One piece (1999-)

One of the oldest animes, A play is also one of the most popular properties of the medium. Maybe now is a good time to mention that Netflix doesn’t really include every season of every anime. They have four seasons of A play. The show has been around for two decades.

Jojo’s bizarre adventure (2012-)

For some inexplicable reason, Netflix only has the second season of the adaptation of this extremely influential manga. We are not going to tell you to go elsewhere to watch the first chapter illegally, but ….

Haikyu (2014-2020)

It’s like those post-game athlete interview questions, except the answer takes a lot of soliloquy. A soap opera on the volleyball court? May be. But whatever.

Aggretsuko (2018-)

As A punch, Aggretsuko is above all satirical, this time targeting the life of the company. An anthropomorphized red panda is locked in epic battles with… his colleagues and superiors. It’s dark and hilarious and maybe a little too real for young professional viewers.

Kill the Kill (2013-2014)

Kill La Kill is excessive and frantic and, at times, a little silly. It’s also a lot of fun. The series is mostly focused on fights and battles, and we have absolutely no issues with that decision.

Parasyte: La Maxime (2014-2015)

In the West, perhaps the closest to what you might call “horror animation” is just Scooby-Doo. Parasyte: La Maxime is blunt and dark and rightfully annoying. Of course, it’s not just horror for horror. He does so much more.

Hunter x Hunter (2011-2014)

As stupid as it sounds, Hunter x hunter throws serious emotional blows. It’s a fan favorite anime that only gets stronger as the episodes progress.

Destiny / Zero (2011-2012)

Part Arthurian romance and fantasy epic, Fate / Zero is both beautiful and brutal. With some of the best visuals and a haunting soundtrack, this is definitely one to add to your list.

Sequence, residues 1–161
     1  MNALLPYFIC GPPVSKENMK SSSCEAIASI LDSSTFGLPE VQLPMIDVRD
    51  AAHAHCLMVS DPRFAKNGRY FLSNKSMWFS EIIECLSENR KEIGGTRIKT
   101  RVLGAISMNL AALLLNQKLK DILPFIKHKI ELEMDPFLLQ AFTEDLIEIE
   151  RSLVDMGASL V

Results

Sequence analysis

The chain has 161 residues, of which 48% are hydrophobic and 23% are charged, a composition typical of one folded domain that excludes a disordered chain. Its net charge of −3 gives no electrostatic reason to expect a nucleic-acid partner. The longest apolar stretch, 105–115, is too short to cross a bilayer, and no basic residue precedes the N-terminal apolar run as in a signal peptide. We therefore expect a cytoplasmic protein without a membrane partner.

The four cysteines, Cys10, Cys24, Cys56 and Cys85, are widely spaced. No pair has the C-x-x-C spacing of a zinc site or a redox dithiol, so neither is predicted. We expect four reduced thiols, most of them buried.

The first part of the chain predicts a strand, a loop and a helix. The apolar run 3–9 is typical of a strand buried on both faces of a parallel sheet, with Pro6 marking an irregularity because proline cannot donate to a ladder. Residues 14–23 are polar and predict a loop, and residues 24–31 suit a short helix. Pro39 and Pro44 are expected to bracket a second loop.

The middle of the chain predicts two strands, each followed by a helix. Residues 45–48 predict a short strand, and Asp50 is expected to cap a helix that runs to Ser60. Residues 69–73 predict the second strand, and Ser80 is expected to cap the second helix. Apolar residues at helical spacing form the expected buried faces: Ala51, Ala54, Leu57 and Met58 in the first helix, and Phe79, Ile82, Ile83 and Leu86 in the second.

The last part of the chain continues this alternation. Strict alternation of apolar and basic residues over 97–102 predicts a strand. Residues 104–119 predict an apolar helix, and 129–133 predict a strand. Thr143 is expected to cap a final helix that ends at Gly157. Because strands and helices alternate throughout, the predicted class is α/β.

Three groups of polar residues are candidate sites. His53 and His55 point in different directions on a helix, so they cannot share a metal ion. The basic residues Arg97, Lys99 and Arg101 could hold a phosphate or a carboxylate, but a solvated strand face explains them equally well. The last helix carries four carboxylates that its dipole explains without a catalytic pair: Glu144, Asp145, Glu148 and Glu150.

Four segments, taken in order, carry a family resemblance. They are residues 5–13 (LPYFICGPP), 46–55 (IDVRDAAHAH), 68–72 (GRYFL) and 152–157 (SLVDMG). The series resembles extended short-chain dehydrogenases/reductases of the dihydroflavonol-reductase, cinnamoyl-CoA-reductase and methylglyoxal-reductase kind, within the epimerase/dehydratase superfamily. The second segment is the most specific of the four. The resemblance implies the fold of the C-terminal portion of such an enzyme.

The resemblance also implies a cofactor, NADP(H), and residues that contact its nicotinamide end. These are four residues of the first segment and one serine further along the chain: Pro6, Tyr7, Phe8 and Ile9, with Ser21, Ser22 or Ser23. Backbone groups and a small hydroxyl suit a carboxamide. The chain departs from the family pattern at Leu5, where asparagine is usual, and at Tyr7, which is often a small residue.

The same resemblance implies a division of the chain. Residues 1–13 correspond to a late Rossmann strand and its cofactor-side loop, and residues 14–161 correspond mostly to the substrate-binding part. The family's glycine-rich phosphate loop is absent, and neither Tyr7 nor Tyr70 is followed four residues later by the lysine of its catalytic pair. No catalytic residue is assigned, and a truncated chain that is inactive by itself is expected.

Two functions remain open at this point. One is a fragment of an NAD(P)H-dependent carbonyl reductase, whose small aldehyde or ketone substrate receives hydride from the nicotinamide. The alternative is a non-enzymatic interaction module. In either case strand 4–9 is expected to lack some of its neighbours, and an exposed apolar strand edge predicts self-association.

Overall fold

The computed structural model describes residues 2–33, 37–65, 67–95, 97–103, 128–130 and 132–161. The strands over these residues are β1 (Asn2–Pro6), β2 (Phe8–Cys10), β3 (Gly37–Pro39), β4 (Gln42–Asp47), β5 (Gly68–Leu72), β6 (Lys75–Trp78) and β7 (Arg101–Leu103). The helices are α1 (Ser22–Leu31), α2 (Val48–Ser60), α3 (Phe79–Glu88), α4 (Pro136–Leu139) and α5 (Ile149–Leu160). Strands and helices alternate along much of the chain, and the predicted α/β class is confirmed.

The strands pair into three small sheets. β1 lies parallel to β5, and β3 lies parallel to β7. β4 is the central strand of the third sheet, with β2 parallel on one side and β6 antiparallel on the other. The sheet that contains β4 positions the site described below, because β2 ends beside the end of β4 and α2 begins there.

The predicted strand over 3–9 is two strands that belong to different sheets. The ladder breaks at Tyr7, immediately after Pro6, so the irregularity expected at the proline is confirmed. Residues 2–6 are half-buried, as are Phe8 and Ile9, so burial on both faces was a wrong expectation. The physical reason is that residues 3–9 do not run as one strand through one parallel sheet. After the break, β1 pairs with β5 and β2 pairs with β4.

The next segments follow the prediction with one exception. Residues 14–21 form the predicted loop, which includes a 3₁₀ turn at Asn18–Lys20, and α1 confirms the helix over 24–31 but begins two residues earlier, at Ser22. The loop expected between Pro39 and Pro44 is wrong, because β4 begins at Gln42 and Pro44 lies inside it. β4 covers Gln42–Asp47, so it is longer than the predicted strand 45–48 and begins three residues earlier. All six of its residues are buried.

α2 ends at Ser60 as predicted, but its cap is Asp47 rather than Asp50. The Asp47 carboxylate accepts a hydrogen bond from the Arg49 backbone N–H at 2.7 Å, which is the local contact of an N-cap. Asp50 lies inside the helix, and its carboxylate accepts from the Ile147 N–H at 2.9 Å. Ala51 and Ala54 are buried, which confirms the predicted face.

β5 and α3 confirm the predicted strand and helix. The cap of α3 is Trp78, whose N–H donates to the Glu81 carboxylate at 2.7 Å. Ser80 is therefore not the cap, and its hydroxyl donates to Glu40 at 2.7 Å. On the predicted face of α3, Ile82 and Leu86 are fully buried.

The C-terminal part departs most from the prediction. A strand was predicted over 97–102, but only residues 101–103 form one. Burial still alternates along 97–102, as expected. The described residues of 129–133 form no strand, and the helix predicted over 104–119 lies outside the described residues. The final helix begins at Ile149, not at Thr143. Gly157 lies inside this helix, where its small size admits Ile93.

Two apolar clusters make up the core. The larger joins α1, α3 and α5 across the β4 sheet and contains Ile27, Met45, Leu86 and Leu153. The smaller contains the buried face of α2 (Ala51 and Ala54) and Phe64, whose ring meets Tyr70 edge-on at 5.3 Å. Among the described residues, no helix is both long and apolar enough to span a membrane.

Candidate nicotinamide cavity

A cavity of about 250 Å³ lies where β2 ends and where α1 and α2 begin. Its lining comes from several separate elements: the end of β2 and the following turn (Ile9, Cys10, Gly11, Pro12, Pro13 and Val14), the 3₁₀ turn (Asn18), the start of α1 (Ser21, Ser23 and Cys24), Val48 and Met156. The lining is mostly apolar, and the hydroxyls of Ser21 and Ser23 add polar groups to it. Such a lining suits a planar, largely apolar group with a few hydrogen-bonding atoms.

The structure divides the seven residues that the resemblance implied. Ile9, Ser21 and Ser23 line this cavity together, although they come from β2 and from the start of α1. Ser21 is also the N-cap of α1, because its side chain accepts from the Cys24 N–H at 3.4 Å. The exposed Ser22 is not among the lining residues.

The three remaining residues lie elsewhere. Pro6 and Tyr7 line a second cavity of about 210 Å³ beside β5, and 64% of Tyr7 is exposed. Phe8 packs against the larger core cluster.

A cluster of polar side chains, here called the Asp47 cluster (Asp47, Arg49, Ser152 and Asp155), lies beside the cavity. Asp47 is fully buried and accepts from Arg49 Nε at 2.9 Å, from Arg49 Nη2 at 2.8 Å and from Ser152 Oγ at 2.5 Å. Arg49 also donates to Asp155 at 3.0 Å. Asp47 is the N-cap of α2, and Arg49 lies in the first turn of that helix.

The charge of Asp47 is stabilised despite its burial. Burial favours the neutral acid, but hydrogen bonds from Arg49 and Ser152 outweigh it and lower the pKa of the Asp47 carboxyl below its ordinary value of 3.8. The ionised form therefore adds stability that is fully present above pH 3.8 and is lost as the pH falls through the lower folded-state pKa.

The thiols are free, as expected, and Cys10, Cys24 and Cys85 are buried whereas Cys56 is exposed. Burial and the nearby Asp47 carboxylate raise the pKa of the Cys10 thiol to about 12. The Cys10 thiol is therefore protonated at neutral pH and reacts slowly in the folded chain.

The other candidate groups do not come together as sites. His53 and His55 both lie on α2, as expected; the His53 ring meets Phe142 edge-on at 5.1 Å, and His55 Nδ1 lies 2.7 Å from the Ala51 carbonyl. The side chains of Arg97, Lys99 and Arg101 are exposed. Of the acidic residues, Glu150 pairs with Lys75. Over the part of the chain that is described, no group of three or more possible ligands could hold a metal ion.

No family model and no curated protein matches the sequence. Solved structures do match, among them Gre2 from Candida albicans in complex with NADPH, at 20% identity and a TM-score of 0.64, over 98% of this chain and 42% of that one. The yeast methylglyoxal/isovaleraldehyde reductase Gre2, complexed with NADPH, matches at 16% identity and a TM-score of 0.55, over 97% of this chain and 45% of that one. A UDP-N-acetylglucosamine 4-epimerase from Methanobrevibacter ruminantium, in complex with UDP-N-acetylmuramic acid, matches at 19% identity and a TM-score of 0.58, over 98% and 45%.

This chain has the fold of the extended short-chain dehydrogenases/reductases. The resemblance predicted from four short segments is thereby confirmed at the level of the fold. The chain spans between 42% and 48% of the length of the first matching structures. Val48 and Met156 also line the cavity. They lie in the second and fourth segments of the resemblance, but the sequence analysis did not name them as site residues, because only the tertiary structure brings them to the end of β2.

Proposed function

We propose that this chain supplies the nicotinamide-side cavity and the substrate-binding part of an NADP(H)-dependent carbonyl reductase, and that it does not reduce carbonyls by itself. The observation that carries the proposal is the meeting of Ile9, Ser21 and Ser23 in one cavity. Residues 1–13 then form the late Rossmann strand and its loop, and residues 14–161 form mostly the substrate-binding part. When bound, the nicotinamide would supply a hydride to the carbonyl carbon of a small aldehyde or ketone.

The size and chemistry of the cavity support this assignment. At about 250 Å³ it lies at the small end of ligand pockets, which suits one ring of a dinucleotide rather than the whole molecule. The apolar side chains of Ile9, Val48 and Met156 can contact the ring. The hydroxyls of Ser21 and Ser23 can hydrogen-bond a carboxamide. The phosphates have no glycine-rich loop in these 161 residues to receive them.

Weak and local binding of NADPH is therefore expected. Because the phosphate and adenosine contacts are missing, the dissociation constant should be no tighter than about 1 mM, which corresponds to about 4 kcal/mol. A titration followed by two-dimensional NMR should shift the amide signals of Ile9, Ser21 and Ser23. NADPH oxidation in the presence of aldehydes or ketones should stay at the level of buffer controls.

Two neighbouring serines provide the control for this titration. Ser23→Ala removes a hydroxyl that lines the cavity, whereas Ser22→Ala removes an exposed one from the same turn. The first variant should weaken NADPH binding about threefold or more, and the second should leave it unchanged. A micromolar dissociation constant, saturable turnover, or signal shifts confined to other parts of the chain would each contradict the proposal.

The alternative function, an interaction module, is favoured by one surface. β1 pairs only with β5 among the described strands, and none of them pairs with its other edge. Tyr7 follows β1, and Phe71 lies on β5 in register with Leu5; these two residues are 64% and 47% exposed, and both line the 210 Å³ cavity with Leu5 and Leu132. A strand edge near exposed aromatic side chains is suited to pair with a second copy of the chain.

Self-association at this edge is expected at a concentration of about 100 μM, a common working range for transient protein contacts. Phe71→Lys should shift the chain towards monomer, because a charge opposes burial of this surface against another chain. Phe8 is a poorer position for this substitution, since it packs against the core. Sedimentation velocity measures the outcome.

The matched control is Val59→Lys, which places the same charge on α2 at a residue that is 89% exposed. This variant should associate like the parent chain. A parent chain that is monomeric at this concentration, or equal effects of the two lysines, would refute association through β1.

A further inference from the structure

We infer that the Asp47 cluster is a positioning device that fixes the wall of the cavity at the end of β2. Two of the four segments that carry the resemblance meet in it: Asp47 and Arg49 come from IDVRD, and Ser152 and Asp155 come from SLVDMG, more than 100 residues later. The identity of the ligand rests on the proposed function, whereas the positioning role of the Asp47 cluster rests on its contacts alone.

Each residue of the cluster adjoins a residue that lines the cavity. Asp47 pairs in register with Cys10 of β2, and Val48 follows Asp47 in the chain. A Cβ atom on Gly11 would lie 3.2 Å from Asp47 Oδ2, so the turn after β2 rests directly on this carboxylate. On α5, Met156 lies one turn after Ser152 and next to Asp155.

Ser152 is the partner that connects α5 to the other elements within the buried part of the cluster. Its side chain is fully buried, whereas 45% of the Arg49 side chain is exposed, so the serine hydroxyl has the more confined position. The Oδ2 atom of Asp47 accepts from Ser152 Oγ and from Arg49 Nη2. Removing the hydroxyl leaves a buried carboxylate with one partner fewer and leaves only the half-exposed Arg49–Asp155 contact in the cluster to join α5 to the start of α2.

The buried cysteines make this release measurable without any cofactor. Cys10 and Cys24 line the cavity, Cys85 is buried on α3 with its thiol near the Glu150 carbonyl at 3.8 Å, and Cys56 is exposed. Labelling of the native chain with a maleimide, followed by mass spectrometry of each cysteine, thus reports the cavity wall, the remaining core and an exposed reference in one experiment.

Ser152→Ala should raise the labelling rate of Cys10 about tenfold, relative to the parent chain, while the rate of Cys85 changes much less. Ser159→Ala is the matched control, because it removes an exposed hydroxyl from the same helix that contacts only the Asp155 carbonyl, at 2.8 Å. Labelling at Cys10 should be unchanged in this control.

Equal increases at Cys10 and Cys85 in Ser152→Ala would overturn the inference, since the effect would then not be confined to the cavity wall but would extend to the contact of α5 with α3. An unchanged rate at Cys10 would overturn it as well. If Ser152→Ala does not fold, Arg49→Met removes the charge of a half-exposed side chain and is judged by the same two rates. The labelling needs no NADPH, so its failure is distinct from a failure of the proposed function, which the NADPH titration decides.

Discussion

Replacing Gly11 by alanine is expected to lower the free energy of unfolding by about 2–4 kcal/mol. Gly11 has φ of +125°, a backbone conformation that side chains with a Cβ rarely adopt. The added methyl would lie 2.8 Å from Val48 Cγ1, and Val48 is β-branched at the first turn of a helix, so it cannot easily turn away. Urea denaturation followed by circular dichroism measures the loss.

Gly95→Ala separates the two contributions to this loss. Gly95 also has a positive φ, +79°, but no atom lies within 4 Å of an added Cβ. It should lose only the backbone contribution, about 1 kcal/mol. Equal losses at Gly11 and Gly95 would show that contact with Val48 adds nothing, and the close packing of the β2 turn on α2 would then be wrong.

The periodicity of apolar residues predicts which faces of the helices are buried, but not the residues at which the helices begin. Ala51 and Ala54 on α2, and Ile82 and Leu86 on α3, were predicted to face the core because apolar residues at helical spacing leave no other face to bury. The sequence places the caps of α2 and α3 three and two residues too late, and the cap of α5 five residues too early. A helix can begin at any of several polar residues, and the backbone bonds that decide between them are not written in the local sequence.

Your Life in April (2014-2015)

Back in the world of (a little more) realism, Your life in April allows for slower and more emotional driving. But it’s worth taking, with the series dodging a lot of the romantic clichés so many other anime too enthusiastically embrace.

Castlevania (2017-)

The vampire hunt can turn out to be very good or very bad for the film. Castlevania sort of getting better with every season. This is possibly the best movie-based movie property out there.

Grand Pretender (2020–)

A crazy spy against spy saga between crooks, Good pretender is fun, weird, and definitely different. It’s also a pretty quick watch that you can binge on in an afternoon.

Sword Art Online (2012)

It looks like a video game, because it sort of is. Thousands of people are trapped in a massively multiplayer online role-playing game. The mission: to escape.

Food wars (2015–)

Food wars is utterly ridiculous. Perhaps the most intense cooking show ever, the series dramatizes an already frenetic industry and essentially injects it with PCP. Watching on an empty stomach is not recommended.

Lupine III: Cagliostro Castle (1979)

Okay, let’s move on to some movies. Cagliostro Castle, currently the only Miyazaki film on Netflix (come on, Netflix, make a deal!), is also the legendary director’s first feature project. Check it out, then look at the rest of the Miyazaki Cannon.

In This Corner of the World (2016)

The corner of the world is Hiroshima during WWII. Amid food rations and scarcity, a recently married woman prepares meals for her family. It’s beautiful and moving and basically everything we’d expect from a good WWII anime.

Mary and the Witch’s Flower (2017)

While some fans were upset Married didn’t live up to its comparisons to Studio Ghibli, the film is still mind-blowing animated work and worth a look. Plus, it captures the fun of those classic works of anime, so what more could you ask for?

Berserk: The Arc of the Golden Age (2012-2013)

While not quite on par with the 1997 original, this film series offers some great action. If epic animes sound interesting, but you’re not yet ready to commit to an entire TV series, let Berserk be your catwalk anime.

A Silent Voice: The Movie (2016)

A boy intimidates a deaf girl so much that she walks away. Later, after considering suicide, the boy seeks redemption. A silent voice appropriately addresses the themes of anxiety, depression and bullying. It’s one of the most touching stories on this list, and it means something.

Mirai (2018)

From Mamoru Hosoda, Mirai uses science fiction to tell a multigenerational family story. It’s beautifully lively (like all Hosoda), fun, light, and a great summer afternoon choice. It’s at the end of our list, but maybe the Netflix anime you should watch first.